Home Equity Line of Credit (HELOC)

The changes in the mortgage industry have caused this aspect of mortgage lending to change dramatically, making equity lending somewhat scarce. We encourage you to reach out to your mortgage provider to determine what lending options may be available to you. Please know that equity lending guidelines change constantly. Below is a brief overview:

An equity loan comes in two forms: a Home Equity Loan and a Home Equity Lines of Credit (HELOC). Both products are second mortgages, which are secured by your home. This lien is in addition to your current first mortgage.

Popular uses for a home equity loan are:

  • Home improvements, repairs and renovations
  • Purchasing of an auto, boat, or recreational vehicle
  • Vacation
  • Debt consolidation
  • College or Private School tuition

A distinguishing difference between the two is that a home equity loan is usually a fixed rate for a set period of time like 10, 15, or 30 years. If you prefer the stability of a fixed payment, rate and term, you may want to consider this type of loan. After you are approved, you will receive the total amount of your loan at one time.

A distinguishing difference between the two is that a home equity loan is usually a fixed rate for a set period of time like 10, 15, or 30 years. If you prefer the stability of a fixed payment, rate and term, you may want to consider this type of loan. After you are approved, you will receive the total amount of your loan at one time. A HELOC is usually an adjustable rate loan that changes as Prime Rate increases and decreases. It is still secured by your home and has the tax benefits of a second mortgage, but you only take the money when you need it. (It is similar to a “credit card”.) Once your line of credit is approved, you may withdraw funds for several years. A HELOC is easy to manage and your payments are flexible. You can make regular payments or pay it back in a lump sum, and your credit line will still be available the next time you need it.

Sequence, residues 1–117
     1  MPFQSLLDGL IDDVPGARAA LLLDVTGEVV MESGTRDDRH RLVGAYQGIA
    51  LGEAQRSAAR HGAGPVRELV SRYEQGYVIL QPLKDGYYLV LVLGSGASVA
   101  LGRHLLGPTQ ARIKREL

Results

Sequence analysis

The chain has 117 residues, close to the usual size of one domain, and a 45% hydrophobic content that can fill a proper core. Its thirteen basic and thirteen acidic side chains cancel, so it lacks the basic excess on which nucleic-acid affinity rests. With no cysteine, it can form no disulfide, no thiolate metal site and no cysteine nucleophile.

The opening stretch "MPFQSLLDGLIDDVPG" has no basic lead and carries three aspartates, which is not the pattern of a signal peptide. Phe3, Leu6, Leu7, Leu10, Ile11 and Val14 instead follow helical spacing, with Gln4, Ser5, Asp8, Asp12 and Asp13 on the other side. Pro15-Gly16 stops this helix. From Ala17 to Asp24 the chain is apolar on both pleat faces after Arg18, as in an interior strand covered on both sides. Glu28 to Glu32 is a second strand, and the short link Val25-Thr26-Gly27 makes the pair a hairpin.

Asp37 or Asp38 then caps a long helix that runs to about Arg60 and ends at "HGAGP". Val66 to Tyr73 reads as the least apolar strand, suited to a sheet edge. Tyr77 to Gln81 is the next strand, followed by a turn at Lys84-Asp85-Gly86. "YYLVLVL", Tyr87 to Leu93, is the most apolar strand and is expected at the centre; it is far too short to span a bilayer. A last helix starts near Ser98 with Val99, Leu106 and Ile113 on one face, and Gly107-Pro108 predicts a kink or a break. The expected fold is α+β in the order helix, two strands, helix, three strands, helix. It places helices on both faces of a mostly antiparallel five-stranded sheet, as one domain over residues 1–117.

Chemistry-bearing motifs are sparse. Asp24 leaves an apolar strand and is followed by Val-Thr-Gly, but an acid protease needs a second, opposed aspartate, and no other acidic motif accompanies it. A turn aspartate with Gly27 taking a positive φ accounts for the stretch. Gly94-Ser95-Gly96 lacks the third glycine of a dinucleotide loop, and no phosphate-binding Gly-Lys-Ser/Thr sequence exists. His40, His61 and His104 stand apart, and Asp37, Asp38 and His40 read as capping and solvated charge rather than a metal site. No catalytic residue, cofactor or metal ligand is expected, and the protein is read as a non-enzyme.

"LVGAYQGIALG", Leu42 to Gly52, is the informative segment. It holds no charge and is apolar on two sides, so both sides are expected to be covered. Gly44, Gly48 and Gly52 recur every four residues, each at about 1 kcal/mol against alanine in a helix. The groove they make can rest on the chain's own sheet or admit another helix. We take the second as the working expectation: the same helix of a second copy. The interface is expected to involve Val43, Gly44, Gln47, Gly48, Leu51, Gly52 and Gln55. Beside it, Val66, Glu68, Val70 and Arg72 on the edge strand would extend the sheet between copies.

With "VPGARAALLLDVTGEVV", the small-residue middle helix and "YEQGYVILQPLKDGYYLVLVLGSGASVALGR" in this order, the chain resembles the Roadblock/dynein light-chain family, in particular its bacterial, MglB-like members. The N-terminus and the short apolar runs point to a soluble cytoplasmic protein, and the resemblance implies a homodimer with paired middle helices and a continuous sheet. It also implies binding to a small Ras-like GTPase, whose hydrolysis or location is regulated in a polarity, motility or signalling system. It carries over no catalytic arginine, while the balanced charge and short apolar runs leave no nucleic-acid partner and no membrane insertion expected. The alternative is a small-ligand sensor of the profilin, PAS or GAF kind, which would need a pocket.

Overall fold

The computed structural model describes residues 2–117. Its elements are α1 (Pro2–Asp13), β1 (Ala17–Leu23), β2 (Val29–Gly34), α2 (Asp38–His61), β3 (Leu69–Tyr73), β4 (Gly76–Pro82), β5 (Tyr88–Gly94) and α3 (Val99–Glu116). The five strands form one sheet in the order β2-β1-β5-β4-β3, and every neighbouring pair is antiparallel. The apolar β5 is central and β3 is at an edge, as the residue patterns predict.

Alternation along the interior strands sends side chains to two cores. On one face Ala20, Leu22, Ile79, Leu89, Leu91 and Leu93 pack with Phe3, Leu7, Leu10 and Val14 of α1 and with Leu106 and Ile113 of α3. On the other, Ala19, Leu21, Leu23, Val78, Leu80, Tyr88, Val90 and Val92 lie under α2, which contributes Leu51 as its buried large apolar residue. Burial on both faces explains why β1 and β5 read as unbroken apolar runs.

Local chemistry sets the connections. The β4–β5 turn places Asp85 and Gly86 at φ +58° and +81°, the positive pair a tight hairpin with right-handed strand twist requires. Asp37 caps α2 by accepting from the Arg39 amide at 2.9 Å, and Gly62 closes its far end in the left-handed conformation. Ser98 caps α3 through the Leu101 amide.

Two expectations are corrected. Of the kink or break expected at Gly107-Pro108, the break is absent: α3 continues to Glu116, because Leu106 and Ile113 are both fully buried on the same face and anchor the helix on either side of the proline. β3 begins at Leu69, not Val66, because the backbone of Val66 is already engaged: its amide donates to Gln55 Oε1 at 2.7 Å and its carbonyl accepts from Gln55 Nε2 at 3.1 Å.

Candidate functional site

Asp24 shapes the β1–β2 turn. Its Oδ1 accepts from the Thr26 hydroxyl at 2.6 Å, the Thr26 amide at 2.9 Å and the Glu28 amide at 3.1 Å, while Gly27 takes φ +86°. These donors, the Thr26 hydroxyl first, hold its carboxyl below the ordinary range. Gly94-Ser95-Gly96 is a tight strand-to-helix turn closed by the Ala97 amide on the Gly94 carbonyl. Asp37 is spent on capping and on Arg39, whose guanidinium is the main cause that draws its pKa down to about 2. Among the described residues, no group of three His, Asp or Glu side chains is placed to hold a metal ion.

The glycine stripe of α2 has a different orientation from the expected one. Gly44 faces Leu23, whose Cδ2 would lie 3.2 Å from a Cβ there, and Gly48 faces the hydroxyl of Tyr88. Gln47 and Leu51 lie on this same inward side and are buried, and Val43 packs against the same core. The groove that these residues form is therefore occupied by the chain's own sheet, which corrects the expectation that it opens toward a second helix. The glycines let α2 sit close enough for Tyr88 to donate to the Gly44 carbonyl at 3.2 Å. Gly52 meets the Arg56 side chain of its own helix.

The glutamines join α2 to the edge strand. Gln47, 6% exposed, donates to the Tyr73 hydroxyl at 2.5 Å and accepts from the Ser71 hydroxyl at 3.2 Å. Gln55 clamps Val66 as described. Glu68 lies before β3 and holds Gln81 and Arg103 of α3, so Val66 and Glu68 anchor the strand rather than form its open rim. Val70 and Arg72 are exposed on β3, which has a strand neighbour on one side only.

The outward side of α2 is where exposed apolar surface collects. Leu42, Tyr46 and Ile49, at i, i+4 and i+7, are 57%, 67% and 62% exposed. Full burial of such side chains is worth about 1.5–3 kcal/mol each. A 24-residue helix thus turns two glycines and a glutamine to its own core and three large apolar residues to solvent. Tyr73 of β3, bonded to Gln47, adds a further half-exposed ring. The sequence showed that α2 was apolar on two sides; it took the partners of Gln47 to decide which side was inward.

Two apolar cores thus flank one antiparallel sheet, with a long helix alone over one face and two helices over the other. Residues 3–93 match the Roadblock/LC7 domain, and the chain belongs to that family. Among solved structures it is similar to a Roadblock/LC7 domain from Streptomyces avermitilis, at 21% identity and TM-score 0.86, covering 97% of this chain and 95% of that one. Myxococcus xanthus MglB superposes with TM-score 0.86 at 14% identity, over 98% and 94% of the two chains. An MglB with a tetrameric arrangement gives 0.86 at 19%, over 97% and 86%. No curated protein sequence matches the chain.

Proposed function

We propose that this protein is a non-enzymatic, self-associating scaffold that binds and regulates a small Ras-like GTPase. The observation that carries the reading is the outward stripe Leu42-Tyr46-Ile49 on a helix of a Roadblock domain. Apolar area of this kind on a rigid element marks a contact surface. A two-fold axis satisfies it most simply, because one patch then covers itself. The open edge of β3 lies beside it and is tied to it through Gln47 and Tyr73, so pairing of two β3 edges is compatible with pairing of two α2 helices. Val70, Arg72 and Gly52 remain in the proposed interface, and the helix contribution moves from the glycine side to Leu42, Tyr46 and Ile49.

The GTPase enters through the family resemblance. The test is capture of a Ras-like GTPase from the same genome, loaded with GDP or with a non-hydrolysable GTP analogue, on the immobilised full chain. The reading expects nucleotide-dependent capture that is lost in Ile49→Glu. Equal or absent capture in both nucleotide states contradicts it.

The equity you have in your home is the amount of your home’s appraised value, minus your mortgage loan amount. For example, let’s say your home is worth $200,000, but you have a $100,000 mortgage loan. Your home equity is approximately $100,000. Your estimated available borrowing power on a HELOC or Home Equity Loan will vary based on credit score, job stability, property condition, and other existing financial obligations.

Home equity rates and terms vary depending on many factors, so we recommend that you contact your Mortgage Provider to see about program availability.